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Importance of extra- and intracellular domains of TLR1 and TLR2 in NFkappa B signaling.

Sandor F, Latz E, Re F, Mandell L, Repik G, Golenbock DT, Espevik T, Kurt-Jones EA, Finberg RW - J. Cell Biol. (2003)

Bottom Line: Simultaneous cross-linking of both receptors resulted in ligand-independent signal transduction.Using chimeric TLRs, we found that expression of the extracellular domains along with simultaneous expression of the intracellular domains of both TLRs was necessary to achieve functional signaling.The domains from each receptor did not need to be contained within a single contiguous protein.

View Article: PubMed Central - PubMed

Affiliation: Department of Medicine, University of Massachusetts Medical Center, Worcester, MA 01605-2324, USA.

ABSTRACT
Recognition of ligands by toll-like receptor (TLR) 2 requires interactions with other TLRs. TLRs form a combinatorial repertoire to discriminate between the diverse microbial ligands. Diversity results from extracellular and intracellular interactions of different TLRs. This paper demonstrates that TLR1 and TLR2 are required for ara-lipoarabinomannan- and tripalmitoyl cysteinyl lipopeptide-stimulated cytokine secretion from mononuclear cells. Confocal microscopy revealed that TLR1 and TLR2 cotranslationally form heterodimeric complexes on the cell surface and in the cytosol. Simultaneous cross-linking of both receptors resulted in ligand-independent signal transduction. Using chimeric TLRs, we found that expression of the extracellular domains along with simultaneous expression of the intracellular domains of both TLRs was necessary to achieve functional signaling. The domains from each receptor did not need to be contained within a single contiguous protein. Chimeric TLR analysis further defined the toll/IL-1R domains as the area of crucial intracellular TLR1-TLR2 interaction.

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Heterologous expression of the extracellular domains of TLR1 and TLR2 together with heterologous expression of the TIR domains of TLR1 and TLR2 is sufficient for NFκB signal activation. (A) HEK293-CD14 cells were cotransfected with TLR [1–2] and TLR [2–1 TIR] DNA encoding chimeric proteins or wild-type TLR2 DNA. After 6 h of stimulation with 1 μg/ml araLAM, 100 ng/ml Pam3CSK4, or 10 μg/ml zymosan, cells were lysed and NFκB luciferase reporter gene activity was measured. IL-1β was used as a positive control. (B) A schematic model of cotransfection of TLR [1–2] and TLR [2–1 TIR] chimeric proteins. Co-transfection of TLR [1–2] chimeric protein containing the entire intracellular domain of TLR2 (including the TIR domain) with the TLR [2–1 TIR] chimeric protein containing the TIR domain of TLR1, confers responsiveness. The transfected cells express the extracellular domains of TLR1 and TLR2 (ligand recognition) as well as both the TIR domains of TLR1 and TLR2 (signal transduction). With TLR1 endogenously present, transfection with TLR2-WT alone is sufficient to confer responsiveness.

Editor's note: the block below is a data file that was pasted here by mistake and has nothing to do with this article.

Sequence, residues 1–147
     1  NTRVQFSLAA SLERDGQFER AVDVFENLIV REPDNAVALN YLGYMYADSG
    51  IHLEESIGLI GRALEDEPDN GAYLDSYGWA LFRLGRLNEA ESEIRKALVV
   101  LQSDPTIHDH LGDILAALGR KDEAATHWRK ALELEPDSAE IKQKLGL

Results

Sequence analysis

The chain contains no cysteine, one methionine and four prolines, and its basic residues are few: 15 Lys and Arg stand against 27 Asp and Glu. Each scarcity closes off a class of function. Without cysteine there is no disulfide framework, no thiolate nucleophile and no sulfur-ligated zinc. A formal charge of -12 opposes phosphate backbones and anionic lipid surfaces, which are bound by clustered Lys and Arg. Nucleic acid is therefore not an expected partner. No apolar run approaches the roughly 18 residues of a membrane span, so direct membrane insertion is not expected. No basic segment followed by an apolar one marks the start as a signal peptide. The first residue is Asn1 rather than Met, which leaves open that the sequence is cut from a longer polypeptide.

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fig7: Heterologous expression of the extracellular domains of TLR1 and TLR2 together with heterologous expression of the TIR domains of TLR1 and TLR2 is sufficient for NFκB signal activation. (A) HEK293-CD14 cells were cotransfected with TLR [1–2] and TLR [2–1 TIR] DNA encoding chimeric proteins or wild-type TLR2 DNA. After 6 h of stimulation with 1 μg/ml araLAM, 100 ng/ml Pam3CSK4, or 10 μg/ml zymosan, cells were lysed and NFκB luciferase reporter gene activity was measured. IL-1β was used as a positive control. (B) A schematic model of cotransfection of TLR [1–2] and TLR [2–1 TIR] chimeric proteins. Co-transfection of TLR [1–2] chimeric protein containing the entire intracellular domain of TLR2 (including the TIR domain) with the TLR [2–1 TIR] chimeric protein containing the TIR domain of TLR1, confers responsiveness. The transfected cells express the extracellular domains of TLR1 and TLR2 (ligand recognition) as well as both the TIR domains of TLR1 and TLR2 (signal transduction). With TLR1 endogenously present, transfection with TLR2-WT alone is sufficient to confer responsiveness.

Mentions: To analyze the role of the intracellular domain in signaling, another TLR fusion protein was generated (TLR [2–1 TIR]) in which the TIR domain of TLR2 was replaced with the TIR domain of TLR1. Transfection with the TLR [2–1 TIR] construct alone did not confer responsiveness to araLAM and zymosan (Table I). HEK293-CD14 cells cotransfected with TLR [1–2] fusion protein and TLR [2–1 TIR] fusion protein were activated in response to araLAM and Pam3CSK4, but not to zymosan (Fig. 7, A and B). These data suggest that the heterodimerization of the TIR domains of TLR1 and TLR2 is essential for the signaling in response to some (but not all) TLR2 ligands (i.e., araLAM and Pam3CSK4, but not zymosan).